Chinese manufacturer clones the Sportster engine (or so it appears)

Would you buy a made-in-China Harley-Davidson? Even as progress apparently continues on the rebadged Qiuanjiang naked bike project, which would see a Chinese naked bike bearing the H-D badge, we now also see pictures of a new V-twin from Shineray that’s, errrrr, “strikingly similar” to the air-cooled Evo Sportster engine.

Shineray is a massive Chinese manufacturer, and some of its bikes have been available in Canada for years—it’s the company behind the current SWM brand. However, those mid-displacement machines aren’t Shineray’s main line of work. Like most Chinese manufacturers, Shineray cranks out countless small-cc motorcycles, scooters, and other practical mobility solutions aimed at developing markets.

Like all the other major Chinese manufacturers, Shineray now wants to grow its line into larger vehicles with more profitable margins, which is no doubt the reason we see this new 1200cc V-twin, as in the video above. No doubt we’ll soon see a motorcycle launched that’s built around this engine, too.

The Shineray V1200 engine looks an awful lot like something from an Evo Sportster. Photo: Shineray

If you’ve spent any amount of time looking at Evo Sportster, you’ll recognize that this made-in-China V-twin looks like it would bolt right into a Harley-Davidson frame, with all major engine components in a similar configuration, and the engine itself also using the same pushrod top end as the classic ’80s-and-onward Harley-Davidson Sportster engine. The internals may be considerably different, of course—whether it’s motorcycle engines like Honda’s classic CG125 mill, or other mechanical devices (firearms, in particular), Chinese engineers will often simplify and even sometimes improve on an existing European or US design.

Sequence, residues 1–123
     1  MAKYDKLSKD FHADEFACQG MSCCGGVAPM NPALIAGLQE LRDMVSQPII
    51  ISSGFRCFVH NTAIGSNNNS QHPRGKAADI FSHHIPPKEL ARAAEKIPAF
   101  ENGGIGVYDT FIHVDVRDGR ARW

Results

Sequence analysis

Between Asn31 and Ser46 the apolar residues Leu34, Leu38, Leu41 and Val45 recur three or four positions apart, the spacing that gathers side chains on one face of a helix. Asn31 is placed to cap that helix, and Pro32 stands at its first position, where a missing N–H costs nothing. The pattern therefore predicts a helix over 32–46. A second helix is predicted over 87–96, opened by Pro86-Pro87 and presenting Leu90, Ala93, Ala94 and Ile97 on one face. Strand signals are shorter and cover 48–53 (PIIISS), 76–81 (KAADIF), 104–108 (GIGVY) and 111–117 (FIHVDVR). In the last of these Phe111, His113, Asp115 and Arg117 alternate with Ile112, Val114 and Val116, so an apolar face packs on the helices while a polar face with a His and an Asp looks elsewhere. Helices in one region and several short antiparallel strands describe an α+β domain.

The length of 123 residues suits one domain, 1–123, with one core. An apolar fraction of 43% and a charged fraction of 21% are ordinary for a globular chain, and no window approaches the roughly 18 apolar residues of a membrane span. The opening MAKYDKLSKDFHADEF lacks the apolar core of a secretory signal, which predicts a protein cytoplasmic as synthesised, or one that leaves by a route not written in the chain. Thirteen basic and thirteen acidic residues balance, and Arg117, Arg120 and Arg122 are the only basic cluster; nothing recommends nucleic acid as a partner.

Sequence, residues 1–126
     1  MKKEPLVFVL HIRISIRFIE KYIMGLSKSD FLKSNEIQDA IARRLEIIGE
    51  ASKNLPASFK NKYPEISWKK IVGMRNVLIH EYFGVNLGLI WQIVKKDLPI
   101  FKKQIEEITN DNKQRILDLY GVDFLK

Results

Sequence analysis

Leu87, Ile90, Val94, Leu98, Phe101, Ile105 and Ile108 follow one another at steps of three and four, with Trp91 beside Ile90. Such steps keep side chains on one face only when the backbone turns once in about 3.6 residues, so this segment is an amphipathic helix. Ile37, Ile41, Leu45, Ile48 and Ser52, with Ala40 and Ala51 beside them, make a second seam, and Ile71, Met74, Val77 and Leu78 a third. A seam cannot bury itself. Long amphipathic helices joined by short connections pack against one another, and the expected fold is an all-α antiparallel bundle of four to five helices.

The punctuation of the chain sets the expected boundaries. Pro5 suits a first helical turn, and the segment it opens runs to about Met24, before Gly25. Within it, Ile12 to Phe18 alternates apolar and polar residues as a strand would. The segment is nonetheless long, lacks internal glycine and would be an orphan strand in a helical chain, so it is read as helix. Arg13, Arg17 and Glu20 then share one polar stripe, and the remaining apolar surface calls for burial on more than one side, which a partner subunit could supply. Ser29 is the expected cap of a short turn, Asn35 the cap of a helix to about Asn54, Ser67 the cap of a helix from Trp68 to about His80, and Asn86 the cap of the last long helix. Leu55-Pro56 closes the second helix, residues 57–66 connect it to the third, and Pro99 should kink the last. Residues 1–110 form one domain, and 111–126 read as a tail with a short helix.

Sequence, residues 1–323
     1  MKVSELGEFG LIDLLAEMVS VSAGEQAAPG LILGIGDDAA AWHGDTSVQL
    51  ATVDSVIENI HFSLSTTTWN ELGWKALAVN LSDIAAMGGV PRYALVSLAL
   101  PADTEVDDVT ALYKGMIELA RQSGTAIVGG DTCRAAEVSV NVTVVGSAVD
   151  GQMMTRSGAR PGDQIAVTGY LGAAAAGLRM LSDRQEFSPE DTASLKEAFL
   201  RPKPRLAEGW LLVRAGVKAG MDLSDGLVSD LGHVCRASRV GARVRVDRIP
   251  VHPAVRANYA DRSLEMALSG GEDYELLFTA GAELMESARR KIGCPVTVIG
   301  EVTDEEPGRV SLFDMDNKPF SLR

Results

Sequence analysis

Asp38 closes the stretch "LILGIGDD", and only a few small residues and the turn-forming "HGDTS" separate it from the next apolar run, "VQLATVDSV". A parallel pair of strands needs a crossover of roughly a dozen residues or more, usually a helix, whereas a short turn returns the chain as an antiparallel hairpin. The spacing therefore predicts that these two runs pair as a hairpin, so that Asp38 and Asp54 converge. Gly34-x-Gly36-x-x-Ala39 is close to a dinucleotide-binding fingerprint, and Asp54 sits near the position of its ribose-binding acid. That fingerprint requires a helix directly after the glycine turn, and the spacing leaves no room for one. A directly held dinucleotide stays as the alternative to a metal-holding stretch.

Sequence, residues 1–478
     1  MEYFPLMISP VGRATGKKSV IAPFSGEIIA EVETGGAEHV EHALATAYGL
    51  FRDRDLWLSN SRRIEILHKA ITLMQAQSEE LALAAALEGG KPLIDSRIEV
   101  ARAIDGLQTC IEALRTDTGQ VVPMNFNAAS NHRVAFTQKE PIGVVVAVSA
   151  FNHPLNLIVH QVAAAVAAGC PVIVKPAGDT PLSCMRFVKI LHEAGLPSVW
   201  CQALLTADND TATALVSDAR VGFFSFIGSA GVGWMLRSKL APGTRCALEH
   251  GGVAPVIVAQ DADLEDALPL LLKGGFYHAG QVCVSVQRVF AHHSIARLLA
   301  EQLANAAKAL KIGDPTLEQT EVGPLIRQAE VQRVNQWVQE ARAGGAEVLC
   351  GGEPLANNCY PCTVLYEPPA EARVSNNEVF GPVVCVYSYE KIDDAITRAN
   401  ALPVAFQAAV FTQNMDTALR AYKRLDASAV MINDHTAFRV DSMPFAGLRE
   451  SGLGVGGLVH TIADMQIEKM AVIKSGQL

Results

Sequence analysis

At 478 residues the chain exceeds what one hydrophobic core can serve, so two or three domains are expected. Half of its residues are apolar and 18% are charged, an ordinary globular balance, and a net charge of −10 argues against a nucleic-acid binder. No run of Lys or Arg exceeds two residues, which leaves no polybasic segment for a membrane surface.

It’s hard to see how the Evo Sportster engine could be much improved on, though! Regarded by many as the most reliable Harley-Davidson engine ever made, at least of the air-cooled era, the Evo has powered machines since the mid-’80s and really come into its own in the era of EFI and rubber mounting in the latest-gen Sportsters. The aftermarket is filled with upgrades, if you decide you’re willing to trade off performance for reliability.

But, rumor has it the Evo Sportster is about to be chopped from the MoCo lineup, and it’s already unavailable in some markets, due to emissions regulations. Even if Shineray doesn’t offer a motorcycle to Europe and North America with this engine, there will be demand for these as drop-in replacements as current Evo V-twins age out.


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